LaPierre lashed out at the federal government for not putting a police officer in every single school seven days after the Dec. 14, 2012, shooting at Sandy Hook Elementary School in Connecticut, where 20 children and six staff members were killed.

He also blamed video games, music, and the media for creating a culture of violence before turning his anger on Congress. He criticized lawmakers for failing to create a national database of people with mental illnesses.

Following the 2017 shooting at a Las Vegas nightclub that claimed the lives of 59 people, the NRA broke its silence four days after the shooting, making a rare concession by calling for "additional regulations" on bump-fire stocks. However, it also used the opportunity to blame the Obama administration once again. After that tragedy, Richard Feldman, a former NRA lobbyist and author of the 2011 book Ricochet: Confessions of a Gun Lobbyist, told Politico that despite the initial silence, NRA officials work on damage control behind the scenes.

Feldman said the organization's first priority was to "learn what we can about the shooter."

“Already, one hears the call for every kind of ban in the world for guns before they know what happened,” he said. “What matters isn’t the particular type of gun but the person holding it … and how did they obtain this gun?”

Following Tuesday's shooting in Texas, the NRA had been silent across social media platforms before posting its statement shortly before 3 p.m. ET on Wednesday.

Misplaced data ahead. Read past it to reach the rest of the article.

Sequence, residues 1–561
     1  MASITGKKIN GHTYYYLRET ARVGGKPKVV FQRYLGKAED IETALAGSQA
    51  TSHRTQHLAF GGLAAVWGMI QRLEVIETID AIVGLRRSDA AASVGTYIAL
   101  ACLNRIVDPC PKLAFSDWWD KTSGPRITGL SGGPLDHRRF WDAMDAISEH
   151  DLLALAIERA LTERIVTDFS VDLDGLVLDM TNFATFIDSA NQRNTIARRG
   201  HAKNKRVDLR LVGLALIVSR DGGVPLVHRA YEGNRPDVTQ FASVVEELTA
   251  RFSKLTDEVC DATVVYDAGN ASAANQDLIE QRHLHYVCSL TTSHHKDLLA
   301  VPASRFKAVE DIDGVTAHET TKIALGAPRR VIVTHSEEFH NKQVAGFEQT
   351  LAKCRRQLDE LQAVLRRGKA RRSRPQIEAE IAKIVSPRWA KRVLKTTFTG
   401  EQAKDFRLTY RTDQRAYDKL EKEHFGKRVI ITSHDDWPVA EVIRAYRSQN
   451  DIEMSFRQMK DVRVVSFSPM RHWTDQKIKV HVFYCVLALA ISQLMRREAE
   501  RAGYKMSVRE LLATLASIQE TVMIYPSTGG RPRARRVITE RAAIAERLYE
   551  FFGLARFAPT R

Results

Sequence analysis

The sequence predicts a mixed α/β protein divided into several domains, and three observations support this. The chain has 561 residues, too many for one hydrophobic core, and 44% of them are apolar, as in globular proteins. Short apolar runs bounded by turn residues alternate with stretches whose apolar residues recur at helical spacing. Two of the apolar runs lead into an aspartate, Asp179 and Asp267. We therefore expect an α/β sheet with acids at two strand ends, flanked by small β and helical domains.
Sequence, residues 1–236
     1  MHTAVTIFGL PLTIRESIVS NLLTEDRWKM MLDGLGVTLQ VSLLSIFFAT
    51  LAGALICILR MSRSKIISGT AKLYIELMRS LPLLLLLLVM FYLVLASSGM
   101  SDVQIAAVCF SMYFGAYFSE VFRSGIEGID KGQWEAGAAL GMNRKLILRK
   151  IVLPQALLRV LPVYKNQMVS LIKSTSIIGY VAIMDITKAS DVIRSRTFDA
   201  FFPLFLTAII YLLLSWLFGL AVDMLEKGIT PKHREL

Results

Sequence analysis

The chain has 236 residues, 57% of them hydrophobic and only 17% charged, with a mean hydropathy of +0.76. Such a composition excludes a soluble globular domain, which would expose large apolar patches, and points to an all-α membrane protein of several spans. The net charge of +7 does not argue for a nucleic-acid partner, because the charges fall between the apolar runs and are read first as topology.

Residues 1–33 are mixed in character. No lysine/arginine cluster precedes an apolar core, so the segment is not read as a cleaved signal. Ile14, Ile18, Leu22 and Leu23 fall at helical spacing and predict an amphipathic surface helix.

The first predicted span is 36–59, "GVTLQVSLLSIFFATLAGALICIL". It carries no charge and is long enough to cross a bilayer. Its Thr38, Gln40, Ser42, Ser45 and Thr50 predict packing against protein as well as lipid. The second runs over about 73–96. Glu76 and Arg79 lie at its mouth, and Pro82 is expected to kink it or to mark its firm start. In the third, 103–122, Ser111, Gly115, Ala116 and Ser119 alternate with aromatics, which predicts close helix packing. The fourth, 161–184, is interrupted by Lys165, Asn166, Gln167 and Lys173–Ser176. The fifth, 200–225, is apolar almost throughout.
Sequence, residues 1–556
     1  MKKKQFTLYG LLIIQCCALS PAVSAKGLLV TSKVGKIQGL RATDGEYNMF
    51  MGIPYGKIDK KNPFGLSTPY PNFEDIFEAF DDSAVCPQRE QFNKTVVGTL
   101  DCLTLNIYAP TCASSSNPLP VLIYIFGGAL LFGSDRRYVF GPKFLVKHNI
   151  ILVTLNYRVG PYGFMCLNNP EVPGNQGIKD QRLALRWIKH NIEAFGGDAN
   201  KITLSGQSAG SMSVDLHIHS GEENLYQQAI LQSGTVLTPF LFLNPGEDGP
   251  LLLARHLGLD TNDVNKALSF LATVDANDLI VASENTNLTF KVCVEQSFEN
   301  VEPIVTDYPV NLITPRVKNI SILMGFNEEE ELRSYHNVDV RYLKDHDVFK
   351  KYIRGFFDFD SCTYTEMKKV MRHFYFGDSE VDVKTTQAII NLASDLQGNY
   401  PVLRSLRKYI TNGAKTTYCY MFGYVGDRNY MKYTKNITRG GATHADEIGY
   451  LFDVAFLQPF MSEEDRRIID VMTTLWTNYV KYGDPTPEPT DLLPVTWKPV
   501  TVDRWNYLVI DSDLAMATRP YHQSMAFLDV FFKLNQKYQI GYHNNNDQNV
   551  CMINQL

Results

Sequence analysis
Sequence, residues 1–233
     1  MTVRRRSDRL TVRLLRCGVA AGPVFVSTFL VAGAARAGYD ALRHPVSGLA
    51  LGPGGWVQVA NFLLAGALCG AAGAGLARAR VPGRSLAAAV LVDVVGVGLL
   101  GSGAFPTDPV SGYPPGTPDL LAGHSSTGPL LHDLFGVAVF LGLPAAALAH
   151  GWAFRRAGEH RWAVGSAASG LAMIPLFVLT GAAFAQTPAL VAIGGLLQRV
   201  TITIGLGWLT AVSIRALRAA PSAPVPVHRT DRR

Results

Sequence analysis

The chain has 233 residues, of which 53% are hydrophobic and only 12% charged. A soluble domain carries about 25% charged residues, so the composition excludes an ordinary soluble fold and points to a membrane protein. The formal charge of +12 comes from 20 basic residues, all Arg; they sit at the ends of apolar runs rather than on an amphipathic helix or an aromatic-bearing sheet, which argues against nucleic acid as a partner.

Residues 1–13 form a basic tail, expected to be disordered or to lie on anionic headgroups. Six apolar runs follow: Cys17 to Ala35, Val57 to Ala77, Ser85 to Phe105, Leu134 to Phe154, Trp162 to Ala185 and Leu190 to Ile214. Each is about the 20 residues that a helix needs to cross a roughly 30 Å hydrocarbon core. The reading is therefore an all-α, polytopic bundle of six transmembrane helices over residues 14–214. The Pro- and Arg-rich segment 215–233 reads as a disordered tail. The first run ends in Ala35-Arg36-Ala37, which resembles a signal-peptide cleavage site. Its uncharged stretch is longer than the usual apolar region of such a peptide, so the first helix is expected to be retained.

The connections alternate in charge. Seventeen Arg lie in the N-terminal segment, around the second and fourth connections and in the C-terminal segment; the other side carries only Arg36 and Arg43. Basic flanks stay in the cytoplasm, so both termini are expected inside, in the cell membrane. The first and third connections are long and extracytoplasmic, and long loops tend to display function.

The group's last tweet before the shooting, written the day before, said: "Just a few days left until President Trump speaks at NRA's Annual Meeting for the 6th time!"

Cruz was slammed online Tuesday after tweeting he was "fervently lifting up in prayer the children and families in the horrific shooting in Uvalde."

Rep. Alexandria Ocasio-Cortez (D-N.Y.) criticized Cruz for his attendance at the NRA event.

"Aren't you slated to headline a speaking gig for the NRA in three days — in Houston, no less? You can do more than pray. Faith without works is dead," she said.

The NRA forum will take place as the fight for stiffer gun control laws shifts from the bloodied halls of Robbs Elementary School in Uvalde to Washington, D.C.

President Joe Biden on Tuesday night called on the country to "stand up to the gun lobby" following the grisly shootings while Senate Majority Leader Chuck Schumer (D-N.Y.) worked to put two gun control bills that had passed in the House on the chamber's calendar.

Despite immediate outrage, history has shown that previous shootings at schools have not led to meaningful changes in the law, and groups such as the NRA, which have deep pockets and a faithful base, have been much more effective politically than those pushing for gun control.


"Elected officials want votes," Harry Wilson, a professor of public affairs at Roanoke College, said. "There is no doubt that money is essential for political campaigns, but votes, not money or polls, are what determine elections. If a group can supply votes, then it has power."

The attack at Robbs is the 137th school shooting to take place in the United States in 2022. In 2021, there were 249 school shootings.

Calls to the NRA for comment were not returned.